Trans­la­tion: Be­cause they don’t con­tain any ac­tual sugar, ar­ti­fi­cially sweet­ened drinks shouldn’t tech­ni­cally spike in­sulin. But in a study in the jour­nal Di­a­betes

Care, re­searchers split their study par­tic­i­pants into two groups and sup­plied half with a diet soft drink. They tested their in­sulin and glu­cose lev­els af­ter­wards and found 20 per cent more in­sulin in the blood of those who’d drunk the ar­ti­fi­cially

sweet­ened drinks than those who hadn’t. Why? It’s all down to the fact the body is primed to de­tect sweet­ness. So when some­thing sweet hits your tongue, spe­cific re­cep­tors are trig­gered. “First, they send a mes­sage to the brain to say that sugar is in­com­ing,” says Lustig. “Then the brain sends a mes­sage to the pan­creas telling it to ex­pect the sugar, so it pre­pares to re­lease in­sulin.” But when you drink an ar­ti­fi­cially sweet­ened drink, the sugar never comes. Re­sult? The pan­creas sends out the mes­sage you need to seek out more glu­cose to trig­ger the re­lease of its in­sulin.

Sugar fixed

Case in point: Yas­min, 25, drinks sev­eral cans of diet fizzy drinks a week to help her stick to a ‘no-sugar life­style’. “It means I can have the sweet taste with­out con­sum­ing any ac­tual sugar,” she says. Down nearly 13kg, and hit­ting the gym four times a week, Yas­min is de­ter­mined to main­tain her meth­ods. “If th­ese drinks help me stick to a plan that works, I don’t see it as a prob­lem,” she says. But Lustig warns that Yas­min may be mak­ing life harder for her­self. “Drink­ing ar­ti­fi­cially sweet­ened drinks when you’re not eat­ing real sugar is self-de­feat­ing,” he says. “The point of a ‘no-sugar life­style’ is to de­sen­si­tise your­self to sweet foods, but if you’re reg­u­larly con­sum­ing sugar-free fizzy drinks, then you’re re-sen­si­tis­ing your­self.”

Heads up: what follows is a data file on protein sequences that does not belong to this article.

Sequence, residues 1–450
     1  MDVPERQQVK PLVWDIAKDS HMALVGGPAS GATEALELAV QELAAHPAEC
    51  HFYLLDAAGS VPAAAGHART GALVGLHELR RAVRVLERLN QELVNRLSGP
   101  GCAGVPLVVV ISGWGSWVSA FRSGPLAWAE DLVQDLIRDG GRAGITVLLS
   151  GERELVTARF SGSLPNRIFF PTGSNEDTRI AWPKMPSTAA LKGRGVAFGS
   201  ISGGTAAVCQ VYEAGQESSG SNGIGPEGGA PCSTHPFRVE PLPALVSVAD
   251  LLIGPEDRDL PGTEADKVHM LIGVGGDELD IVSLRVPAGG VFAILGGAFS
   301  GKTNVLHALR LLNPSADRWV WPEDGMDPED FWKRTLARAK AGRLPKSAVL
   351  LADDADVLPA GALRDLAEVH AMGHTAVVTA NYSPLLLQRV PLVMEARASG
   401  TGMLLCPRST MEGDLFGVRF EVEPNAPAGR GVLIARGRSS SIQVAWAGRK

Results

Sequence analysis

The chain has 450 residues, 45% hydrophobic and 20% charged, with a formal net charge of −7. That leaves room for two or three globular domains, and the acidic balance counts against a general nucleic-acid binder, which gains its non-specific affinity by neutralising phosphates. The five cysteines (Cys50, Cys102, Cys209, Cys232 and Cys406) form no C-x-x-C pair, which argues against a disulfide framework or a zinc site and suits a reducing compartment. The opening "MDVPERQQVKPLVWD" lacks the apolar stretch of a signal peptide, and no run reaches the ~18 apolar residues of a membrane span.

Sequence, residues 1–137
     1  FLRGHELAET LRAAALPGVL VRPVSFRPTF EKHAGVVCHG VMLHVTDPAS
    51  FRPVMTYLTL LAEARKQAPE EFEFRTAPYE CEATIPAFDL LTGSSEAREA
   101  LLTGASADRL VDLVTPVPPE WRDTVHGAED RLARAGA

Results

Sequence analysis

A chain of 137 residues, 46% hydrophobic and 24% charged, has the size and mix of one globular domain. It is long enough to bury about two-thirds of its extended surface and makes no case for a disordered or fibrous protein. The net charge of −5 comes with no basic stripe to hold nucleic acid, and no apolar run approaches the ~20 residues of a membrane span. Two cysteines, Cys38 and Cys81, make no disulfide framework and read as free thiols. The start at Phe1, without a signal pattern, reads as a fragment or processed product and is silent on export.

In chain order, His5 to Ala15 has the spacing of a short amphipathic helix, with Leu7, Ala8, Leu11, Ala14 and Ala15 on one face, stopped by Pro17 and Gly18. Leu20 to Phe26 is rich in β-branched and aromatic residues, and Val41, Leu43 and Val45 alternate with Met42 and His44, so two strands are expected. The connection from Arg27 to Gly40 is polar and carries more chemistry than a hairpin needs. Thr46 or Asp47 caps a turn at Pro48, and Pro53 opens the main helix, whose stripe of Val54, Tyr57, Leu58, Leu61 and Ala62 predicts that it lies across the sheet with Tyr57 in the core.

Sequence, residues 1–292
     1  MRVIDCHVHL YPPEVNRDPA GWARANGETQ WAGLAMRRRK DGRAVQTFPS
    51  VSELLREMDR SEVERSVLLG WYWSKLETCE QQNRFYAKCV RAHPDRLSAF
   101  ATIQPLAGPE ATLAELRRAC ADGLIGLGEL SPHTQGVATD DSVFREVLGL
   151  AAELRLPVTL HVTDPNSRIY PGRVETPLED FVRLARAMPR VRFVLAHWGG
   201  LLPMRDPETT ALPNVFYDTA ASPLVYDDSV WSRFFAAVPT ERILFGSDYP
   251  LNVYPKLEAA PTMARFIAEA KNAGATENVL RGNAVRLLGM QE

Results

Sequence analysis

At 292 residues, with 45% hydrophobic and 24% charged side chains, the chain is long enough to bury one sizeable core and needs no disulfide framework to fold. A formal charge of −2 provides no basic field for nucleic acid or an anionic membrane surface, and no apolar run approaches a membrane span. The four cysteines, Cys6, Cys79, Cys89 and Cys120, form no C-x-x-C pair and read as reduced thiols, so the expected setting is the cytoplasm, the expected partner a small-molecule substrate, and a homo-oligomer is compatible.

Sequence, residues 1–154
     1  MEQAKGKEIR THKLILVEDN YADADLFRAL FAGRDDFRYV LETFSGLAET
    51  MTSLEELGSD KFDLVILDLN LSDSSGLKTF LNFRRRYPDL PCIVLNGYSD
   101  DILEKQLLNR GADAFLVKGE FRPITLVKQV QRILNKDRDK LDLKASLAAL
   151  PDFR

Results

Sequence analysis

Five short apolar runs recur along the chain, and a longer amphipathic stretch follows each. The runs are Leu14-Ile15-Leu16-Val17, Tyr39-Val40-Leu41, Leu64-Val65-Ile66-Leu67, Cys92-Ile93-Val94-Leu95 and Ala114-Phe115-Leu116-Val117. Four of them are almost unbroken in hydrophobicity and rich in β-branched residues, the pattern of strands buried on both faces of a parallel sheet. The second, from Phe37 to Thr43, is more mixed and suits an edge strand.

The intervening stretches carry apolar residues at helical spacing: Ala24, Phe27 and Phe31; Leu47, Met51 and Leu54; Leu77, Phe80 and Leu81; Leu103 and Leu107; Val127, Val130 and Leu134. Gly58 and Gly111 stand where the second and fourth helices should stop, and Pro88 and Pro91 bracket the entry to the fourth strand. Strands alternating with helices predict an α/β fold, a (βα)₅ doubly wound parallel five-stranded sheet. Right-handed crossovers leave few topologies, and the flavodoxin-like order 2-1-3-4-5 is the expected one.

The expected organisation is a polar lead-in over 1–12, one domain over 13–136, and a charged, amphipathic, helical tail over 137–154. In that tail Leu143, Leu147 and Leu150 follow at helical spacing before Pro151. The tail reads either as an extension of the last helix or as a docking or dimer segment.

So, the jury’s out on whether slim­mers should sip so freely – and there’s also still much we don’t know about how ar­ti­fi­cial sweet­en­ers are linked to dis­ease risk. While a re­cent study by Boston Uni­ver­sity School of Medicine did show that peo­ple who drank diet drinks had an in­creased chance of de­men­tia and strokes, lead author Dr Matthew Pase cau­tions this is early re­search – so it’s im­pos­si­ble to gauge cause and ef­fect. As for claims that sweet­en­ers such as as­par­tame could cause can­cer? “The bal­ance of ev­i­dence is that ar­ti­fi­cial sweet­en­ers are safe for us to con­sume,” says clin­i­cal di­eti­tian Rick Miller. “Some ex­per­i­ments on mice demon­strated a link be­tween as­par­tame and the growth of can­cer­ous tu­mours – but it is not clear if we can di­rectly re­late th­ese re­sults to hu­mans.”

Miller’s mes­sage for us ha­bit­ual drinkers? Don’t freak out, but do cut down – on all fizzy drinks. “Reg­u­lar and diet va­ri­eties con­tain phos­phoric acid, which re­search sug­gests can re­duce bone min­eral den­sity,” he says. And let’s be clear – a stress frac­ture caused by weak bones is go­ing to have a worse ef­fect on your aes­thetic and ath­letic goals than a few mini brown­ies. Still, I can’t prom­ise that I won’t have had a sneaky sip of my old poi­son by the time you’ve read this. But if I do choose to crack open a can, it cer­tainly won’t be done mind­lessly. Be­cause, while a part of me may still be sold on the zero-sugar, zero-kilo­joule prom­ise, there’s a big chance that my body is not.